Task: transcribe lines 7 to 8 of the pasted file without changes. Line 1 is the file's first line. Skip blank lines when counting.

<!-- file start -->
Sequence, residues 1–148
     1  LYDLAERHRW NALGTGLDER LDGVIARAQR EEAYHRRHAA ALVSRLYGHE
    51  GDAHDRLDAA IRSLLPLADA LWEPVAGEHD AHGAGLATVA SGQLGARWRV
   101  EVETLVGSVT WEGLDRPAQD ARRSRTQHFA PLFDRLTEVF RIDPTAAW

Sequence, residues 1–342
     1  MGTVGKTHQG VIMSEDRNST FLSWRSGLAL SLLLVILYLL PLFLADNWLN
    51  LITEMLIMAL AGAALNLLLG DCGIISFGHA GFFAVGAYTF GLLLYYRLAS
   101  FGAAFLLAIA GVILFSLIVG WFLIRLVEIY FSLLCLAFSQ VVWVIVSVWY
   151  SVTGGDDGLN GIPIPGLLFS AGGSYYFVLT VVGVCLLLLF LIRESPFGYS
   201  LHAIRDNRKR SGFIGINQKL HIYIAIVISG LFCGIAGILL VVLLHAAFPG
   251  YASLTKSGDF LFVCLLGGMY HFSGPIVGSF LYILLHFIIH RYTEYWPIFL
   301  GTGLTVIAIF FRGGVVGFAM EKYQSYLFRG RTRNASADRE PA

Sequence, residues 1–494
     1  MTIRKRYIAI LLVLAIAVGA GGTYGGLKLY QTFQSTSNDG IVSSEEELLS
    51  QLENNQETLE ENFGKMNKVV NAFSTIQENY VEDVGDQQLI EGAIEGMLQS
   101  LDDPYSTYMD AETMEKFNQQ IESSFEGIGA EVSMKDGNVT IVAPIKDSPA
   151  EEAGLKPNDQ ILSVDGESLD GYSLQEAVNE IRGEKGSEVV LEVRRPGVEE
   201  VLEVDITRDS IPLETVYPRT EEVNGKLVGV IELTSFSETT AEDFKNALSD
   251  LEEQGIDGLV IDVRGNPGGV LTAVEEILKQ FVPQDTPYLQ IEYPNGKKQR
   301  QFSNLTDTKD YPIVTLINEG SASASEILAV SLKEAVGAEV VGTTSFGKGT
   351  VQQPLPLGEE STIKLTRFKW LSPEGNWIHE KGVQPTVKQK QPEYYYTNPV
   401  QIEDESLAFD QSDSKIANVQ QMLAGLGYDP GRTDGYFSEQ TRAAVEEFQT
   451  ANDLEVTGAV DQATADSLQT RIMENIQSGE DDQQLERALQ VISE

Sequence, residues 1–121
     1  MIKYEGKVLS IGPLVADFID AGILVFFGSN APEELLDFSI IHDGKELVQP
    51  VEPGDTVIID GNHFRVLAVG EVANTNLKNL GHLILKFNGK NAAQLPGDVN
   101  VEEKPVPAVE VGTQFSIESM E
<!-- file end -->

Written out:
    51  LITEMLIMAL AGAALNLLLG DCGIISFGHA GFFAVGAYTF GLLLYYRLAS
   101  FGAAFLLAIA GVILFSLIVG WFLIRLVEIY FSLLCLAFSQ VVWVIVSVWY